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Samsung’s Galaxy J2 Pro internet-less smartphone is basically free for students in South Korea

Samsung’s Galaxy J2 Pro internet-less smartphone is basically free for students in South Korea

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Every year, high school seniors in South Korea take a national college entrance exam called suneung that will essentially determine the rest of their lives. This isn’t an exaggeration. Unlike the SATs, which only play a small part in college admissions, the idea of suneung is battered into students’ heads as the determining factor of how successful they’ll be in a deeply hierarchical society. That’s why it makes sense that Samsung is releasing a smartphone that can’t connect to the internet, so students don’t get distracted and can focus on studying.

The Galaxy J2 Pro has the bare essentials of a smartphone. You can text and make calls with it and take photos with the 8-megapixel rear camera and 5-megapixel front camera. There’s also an offline DioDic4 English dictionary app, a calendar app, calculator, and an FM radio. That’s it. And while there’s technically an LTE modem in the phone, it’s disabled for everything but calls and texting. Otherwise, there’s absolutely no Wi-Fi or data to speak of. If you want, you can even opt for a data plan that limits how many texts you can send.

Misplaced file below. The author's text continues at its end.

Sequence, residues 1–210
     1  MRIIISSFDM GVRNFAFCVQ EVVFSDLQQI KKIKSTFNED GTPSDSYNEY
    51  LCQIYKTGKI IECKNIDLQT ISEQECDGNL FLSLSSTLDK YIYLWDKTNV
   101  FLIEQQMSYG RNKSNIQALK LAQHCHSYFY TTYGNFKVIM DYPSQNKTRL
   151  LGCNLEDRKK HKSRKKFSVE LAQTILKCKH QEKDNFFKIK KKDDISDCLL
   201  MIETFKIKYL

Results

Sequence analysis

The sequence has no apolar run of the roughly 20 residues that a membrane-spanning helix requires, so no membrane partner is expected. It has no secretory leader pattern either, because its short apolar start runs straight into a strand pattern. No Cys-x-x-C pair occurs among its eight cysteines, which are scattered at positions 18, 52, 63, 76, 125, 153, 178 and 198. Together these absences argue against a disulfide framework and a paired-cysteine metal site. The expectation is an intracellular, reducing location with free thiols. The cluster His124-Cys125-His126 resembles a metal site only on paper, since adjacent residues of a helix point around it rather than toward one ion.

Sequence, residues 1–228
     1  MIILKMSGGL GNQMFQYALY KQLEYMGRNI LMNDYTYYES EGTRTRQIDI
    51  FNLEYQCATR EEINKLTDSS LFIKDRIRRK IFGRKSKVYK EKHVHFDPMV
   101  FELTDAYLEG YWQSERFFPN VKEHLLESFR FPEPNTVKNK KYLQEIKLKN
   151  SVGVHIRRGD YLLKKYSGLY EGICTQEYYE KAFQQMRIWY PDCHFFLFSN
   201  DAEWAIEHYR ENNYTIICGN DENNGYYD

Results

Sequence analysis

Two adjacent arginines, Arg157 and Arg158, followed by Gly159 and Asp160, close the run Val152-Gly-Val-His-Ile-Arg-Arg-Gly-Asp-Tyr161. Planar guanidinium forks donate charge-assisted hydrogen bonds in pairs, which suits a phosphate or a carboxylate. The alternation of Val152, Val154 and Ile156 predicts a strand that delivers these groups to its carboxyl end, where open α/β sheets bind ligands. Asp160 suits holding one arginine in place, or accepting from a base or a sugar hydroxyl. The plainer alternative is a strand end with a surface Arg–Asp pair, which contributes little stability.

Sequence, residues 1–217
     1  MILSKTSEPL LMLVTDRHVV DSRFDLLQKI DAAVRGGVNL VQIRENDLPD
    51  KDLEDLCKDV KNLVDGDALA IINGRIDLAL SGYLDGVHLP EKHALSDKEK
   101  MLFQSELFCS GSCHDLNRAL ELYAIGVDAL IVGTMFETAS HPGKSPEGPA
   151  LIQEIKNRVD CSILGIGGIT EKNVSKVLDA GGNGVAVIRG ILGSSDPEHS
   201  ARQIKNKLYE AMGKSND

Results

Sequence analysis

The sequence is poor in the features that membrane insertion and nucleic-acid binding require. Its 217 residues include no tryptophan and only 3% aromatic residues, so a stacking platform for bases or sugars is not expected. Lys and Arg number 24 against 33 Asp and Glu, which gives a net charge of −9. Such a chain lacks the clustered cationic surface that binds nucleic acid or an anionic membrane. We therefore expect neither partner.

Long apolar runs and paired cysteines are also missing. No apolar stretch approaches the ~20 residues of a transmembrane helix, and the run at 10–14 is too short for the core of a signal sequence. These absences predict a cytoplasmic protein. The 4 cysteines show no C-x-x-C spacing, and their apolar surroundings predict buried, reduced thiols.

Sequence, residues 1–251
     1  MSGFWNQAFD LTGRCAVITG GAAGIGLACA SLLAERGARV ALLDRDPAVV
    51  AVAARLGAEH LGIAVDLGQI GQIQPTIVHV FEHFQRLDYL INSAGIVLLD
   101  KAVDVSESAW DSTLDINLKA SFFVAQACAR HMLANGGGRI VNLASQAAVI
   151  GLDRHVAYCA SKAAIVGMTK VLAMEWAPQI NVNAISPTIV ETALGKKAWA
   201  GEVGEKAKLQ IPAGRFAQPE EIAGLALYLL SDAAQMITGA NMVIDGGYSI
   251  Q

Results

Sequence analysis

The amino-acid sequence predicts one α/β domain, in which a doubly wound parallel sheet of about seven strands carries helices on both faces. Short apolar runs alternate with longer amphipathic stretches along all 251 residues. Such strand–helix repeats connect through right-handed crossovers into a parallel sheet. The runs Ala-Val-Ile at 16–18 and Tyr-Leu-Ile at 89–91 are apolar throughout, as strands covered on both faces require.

It comes in two colors, black and gold, and costs around 200,000 won, or about $190. The rest of its specs are pretty good: a 5-inch QHD AMOLED display, 1.4GHz quad-core processor, and 1.5GB RAM. It also has a 2,600mAh battery and a microSD slot. But hopefully this phone will only play a temporary role in students’ lives for them to enjoy the specs for too long.

The most intriguing part of the Galaxy J2 Pro is that they’re currently running a promotion for students taking the 2019 and 2020 suneung exam. Once students have completed the grueling test, they can actually trade in the phone for a Galaxy S, Note, or an A-series phone released after 2018 and have the cost of the J2 Pro reimbursed. There are no plans to sell the phone outside of South Korea yet, but there’s probably no other country where test-taking is taken this seriously.